@kelbot I've got:
• an
• several systems (with the being my childhood )


(original model)


(European PAL model complete, NA NTSC model without power supply)





.

Used to have several and machines too, but had to leave them behind when I migrated from the to .

Not actively collecting anymore though...

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@kelbot my all-time favourite / are probably the , and though, as that's what I have the most games for. Especially the first two, as I grew up with those systems.
The was a big part of my early childhood. While it may not be the most well-known system/standard internationally, I used it not just for , but also for writing and printing my elementary school reports on, doodling and messing with music.

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@kelbot
While most of my classmates had hand-written school reports, I wrote mine on our , in and printed it on a with a paper roll at first, and later on a printer on chain paper.
(At times cussing when I lost my progress because of power failure or a crash; I learned 'save early, save often' at an early age because of it!)
I also have fond memories of creating my own birthday cards in an early programme.

@kelbot the however was our first (not counting the ), and it wouldn't surprise me if that system has had the most of my gaming hours compared to the other consoles. Probably also bought the most games for that system; a lot of them being ex-rentals, some of which were import games from the video-stores.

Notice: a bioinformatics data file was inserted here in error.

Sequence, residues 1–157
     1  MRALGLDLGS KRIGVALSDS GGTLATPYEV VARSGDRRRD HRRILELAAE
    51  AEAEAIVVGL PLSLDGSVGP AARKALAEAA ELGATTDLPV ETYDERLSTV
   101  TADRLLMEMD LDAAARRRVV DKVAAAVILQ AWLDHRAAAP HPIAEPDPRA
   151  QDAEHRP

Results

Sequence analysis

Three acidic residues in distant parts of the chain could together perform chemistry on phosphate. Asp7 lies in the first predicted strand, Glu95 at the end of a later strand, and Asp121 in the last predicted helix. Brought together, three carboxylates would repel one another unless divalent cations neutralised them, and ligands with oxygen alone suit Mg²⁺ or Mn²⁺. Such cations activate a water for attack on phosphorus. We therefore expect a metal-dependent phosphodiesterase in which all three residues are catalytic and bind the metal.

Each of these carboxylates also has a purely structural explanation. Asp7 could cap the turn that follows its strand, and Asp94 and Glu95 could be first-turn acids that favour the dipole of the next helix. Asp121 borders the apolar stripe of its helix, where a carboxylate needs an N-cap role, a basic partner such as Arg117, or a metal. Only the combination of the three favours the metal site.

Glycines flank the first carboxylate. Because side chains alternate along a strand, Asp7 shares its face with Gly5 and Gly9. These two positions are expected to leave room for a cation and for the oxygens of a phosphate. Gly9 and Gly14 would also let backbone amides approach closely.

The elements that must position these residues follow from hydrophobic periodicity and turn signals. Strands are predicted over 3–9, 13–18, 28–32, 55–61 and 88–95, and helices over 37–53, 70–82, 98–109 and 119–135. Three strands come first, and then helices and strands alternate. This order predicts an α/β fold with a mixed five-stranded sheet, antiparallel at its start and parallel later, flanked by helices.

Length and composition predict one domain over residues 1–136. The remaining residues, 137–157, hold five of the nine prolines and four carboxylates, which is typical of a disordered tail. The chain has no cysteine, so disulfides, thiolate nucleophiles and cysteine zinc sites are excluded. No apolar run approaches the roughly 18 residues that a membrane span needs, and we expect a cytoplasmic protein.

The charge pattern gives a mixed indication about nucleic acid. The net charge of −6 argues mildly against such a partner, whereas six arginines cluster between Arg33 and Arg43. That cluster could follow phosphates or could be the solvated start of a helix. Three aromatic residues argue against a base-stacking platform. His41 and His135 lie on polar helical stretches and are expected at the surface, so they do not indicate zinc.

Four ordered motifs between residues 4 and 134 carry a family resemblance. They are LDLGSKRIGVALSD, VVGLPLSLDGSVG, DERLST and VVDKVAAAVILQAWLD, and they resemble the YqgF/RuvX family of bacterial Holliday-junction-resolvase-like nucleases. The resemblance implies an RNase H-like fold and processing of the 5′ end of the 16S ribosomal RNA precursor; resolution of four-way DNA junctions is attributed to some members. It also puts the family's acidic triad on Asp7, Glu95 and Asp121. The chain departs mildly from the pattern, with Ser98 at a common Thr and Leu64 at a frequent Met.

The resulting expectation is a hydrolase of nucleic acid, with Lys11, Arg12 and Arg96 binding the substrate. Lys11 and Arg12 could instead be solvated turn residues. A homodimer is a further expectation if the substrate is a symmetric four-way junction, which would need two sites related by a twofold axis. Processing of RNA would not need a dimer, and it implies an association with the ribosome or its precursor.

Also rented a lot of games for the , and at times I regret not buying some of the games we rented.

@kelbot a couple of years ago I wrote a post about some of my early : blogspot.fixato.org/2013/06/ga

It goes a bit more in-depth on what I liked to play, and how some of my fondest are of playing games with/against my mother.

@FiXato @kelbot As a child I once spent hours copying pages and pages of BASIC game code from a magazine only to lose it all because of a power failure. Power cuts were more common when I was growing up in the 80s. When the power returned I started over and did not stop until that code was saved to cassette tape!

@ClearMask and a valuable lesson was learnt (which we probably still forget all too often...): Save Frequently, Save Often.
@kelbot

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